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Weather Research and Forecasting Innovation Act of 2017: Home

Public History and Scope

The Weather Research and Forecasting Innovation Act of 2017 (Public Law 115-25, often referred to as the “Weather Act”) was signed into law in April 2017, with goals to improve NOAA's weather research through investments in observational, computing, and modeling capabilities, to support improvement in weather forecasting and prediction of high impact weather events, and expand commercial opportunities for the provision of weather data.  Widely viewed as the first comprehensive weather authorization since the NOAA Authorization Act of 1992, the Weather Act is leading the charge for improved forecast and warning systems to build a Weather-Ready Nation, as well as the integration of social science and unified modeling capabilities.  NOAA’s R&D goals directly impact its Weather-Ready Nation strategic goals by:

  • improving the science behind extreme & severe weather events;
  • developing better models, computing, and observations; and
  • including and embracing more social science to improve risk communication to the public.

 

          

NOAA IR Weather Act Collection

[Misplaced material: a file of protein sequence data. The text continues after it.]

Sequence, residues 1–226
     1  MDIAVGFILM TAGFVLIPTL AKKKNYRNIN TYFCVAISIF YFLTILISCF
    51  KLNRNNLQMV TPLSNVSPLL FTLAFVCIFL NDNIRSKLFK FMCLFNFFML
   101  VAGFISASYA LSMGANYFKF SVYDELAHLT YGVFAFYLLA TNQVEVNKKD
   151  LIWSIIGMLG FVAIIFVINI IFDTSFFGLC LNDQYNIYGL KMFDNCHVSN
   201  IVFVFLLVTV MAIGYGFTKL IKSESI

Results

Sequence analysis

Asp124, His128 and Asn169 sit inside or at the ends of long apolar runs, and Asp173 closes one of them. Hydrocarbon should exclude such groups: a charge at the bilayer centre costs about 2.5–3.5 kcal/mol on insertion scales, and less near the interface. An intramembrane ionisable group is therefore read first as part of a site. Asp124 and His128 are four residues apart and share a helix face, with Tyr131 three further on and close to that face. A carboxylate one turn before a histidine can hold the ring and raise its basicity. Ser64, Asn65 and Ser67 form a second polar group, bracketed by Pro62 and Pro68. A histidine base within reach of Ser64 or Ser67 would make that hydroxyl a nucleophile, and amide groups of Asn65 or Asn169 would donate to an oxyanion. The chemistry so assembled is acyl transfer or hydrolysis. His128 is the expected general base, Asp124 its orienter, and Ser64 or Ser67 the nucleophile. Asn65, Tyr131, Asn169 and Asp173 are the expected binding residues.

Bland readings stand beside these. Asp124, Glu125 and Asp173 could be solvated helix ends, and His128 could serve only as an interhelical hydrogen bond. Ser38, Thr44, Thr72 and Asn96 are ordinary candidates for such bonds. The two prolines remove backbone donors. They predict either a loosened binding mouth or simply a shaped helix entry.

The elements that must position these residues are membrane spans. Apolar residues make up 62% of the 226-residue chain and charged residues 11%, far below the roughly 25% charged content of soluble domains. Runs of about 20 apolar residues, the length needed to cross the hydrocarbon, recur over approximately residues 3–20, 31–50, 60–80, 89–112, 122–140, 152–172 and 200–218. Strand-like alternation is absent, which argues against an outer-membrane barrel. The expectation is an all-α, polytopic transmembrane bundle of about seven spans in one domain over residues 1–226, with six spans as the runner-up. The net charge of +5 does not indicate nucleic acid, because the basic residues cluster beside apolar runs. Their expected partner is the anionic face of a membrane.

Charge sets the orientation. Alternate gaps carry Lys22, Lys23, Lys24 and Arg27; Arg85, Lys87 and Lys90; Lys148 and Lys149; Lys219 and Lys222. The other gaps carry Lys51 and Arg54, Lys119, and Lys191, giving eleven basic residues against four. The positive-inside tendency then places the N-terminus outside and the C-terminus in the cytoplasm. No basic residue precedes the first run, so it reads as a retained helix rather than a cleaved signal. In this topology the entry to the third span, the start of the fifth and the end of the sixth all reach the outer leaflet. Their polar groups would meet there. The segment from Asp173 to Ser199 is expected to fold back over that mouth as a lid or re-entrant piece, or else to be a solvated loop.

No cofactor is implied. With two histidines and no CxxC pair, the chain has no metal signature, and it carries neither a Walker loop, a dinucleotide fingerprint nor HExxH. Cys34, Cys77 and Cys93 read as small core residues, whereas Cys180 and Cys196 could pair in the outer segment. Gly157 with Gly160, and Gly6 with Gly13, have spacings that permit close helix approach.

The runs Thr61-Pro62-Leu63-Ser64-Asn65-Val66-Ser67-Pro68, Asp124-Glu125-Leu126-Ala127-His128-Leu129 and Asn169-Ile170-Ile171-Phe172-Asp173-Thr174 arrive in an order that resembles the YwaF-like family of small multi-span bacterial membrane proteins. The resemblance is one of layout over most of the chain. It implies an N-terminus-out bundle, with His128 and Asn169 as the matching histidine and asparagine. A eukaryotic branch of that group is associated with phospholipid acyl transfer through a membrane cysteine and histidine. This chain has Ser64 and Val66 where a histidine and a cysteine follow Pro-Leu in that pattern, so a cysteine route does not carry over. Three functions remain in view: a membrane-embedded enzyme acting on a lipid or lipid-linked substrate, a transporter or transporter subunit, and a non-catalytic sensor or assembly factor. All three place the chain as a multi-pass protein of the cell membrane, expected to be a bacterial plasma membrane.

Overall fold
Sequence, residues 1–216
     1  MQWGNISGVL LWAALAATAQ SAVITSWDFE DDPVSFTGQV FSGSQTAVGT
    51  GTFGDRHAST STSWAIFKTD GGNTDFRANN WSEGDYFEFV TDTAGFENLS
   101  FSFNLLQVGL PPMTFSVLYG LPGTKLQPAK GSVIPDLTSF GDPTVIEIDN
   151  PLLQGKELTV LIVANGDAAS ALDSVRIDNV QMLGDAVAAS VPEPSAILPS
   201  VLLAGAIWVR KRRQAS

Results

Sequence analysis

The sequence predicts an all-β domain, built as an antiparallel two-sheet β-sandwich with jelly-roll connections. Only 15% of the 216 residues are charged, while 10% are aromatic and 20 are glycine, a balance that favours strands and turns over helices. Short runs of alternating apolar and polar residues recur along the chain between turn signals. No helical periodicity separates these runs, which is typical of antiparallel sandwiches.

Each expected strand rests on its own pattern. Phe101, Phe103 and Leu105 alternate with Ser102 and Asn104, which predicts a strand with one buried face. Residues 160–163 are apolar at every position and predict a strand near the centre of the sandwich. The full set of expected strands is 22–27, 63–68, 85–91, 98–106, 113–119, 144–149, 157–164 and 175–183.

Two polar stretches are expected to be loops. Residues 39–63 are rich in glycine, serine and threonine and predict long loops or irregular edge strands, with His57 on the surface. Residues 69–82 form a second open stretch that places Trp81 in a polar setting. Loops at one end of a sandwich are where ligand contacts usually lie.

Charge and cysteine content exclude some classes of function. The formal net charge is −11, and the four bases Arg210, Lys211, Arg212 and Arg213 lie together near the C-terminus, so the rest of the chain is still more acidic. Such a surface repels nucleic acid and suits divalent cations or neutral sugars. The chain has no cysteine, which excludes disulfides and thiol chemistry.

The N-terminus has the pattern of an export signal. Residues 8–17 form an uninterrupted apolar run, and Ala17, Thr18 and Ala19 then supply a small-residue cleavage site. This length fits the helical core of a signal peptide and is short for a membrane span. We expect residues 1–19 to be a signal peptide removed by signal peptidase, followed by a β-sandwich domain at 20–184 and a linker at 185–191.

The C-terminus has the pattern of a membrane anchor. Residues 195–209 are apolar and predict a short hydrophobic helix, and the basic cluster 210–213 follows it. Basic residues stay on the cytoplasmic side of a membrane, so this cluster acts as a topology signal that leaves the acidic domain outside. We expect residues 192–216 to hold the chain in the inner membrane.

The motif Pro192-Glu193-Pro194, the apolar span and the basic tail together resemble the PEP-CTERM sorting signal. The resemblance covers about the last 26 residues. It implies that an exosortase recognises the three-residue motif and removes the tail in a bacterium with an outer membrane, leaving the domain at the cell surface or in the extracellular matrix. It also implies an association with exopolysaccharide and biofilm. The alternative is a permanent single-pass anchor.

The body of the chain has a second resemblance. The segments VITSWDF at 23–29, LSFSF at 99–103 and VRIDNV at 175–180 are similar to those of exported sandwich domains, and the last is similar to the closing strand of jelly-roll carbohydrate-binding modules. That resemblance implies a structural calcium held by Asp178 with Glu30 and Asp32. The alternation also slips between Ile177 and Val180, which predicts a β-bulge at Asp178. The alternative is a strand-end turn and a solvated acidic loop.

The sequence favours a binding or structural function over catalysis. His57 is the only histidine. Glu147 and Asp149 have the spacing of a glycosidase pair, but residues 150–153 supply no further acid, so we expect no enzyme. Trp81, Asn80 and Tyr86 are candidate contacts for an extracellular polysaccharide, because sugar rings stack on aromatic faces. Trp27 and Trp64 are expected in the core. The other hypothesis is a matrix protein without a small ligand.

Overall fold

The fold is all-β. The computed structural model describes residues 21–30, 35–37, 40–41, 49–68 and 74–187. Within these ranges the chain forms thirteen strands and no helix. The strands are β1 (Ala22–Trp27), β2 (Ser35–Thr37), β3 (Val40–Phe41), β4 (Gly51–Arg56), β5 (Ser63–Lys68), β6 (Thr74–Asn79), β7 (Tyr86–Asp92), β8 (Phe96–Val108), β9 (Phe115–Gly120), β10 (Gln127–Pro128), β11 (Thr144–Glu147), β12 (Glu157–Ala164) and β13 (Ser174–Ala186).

All Weather Act documents have been collected in the NOAA Institutional Repository. For access please click the image or link below.

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Weather Research and Forecasting Innovation Act (“The Weather Act”) Collection

Focus Areas of the Weather Act

The five (5) provisions of the bill include:

  • Title I: United States Weather Research and Forecasting Improvement
  • Title II: Subseasonal and Seasonal Forecasting Innovation
  • Title III: Weather Satellite and Data Innovation
  • Title IV: Federal Weather Coordination
  • Title V: Tsunami Warning, Education, and Research Act of 2017

The titles and subsequent sections of the Weather Act provide a framework for NOAA Line Offices to address specific deliverables and requirements within the legislation.  In January 2019, NOAA’s National Integrated Drought Information System (NIDIS) program (Public Law 109-430) included reauthorization of the Weather Act, as well as amended language to the 2017 law.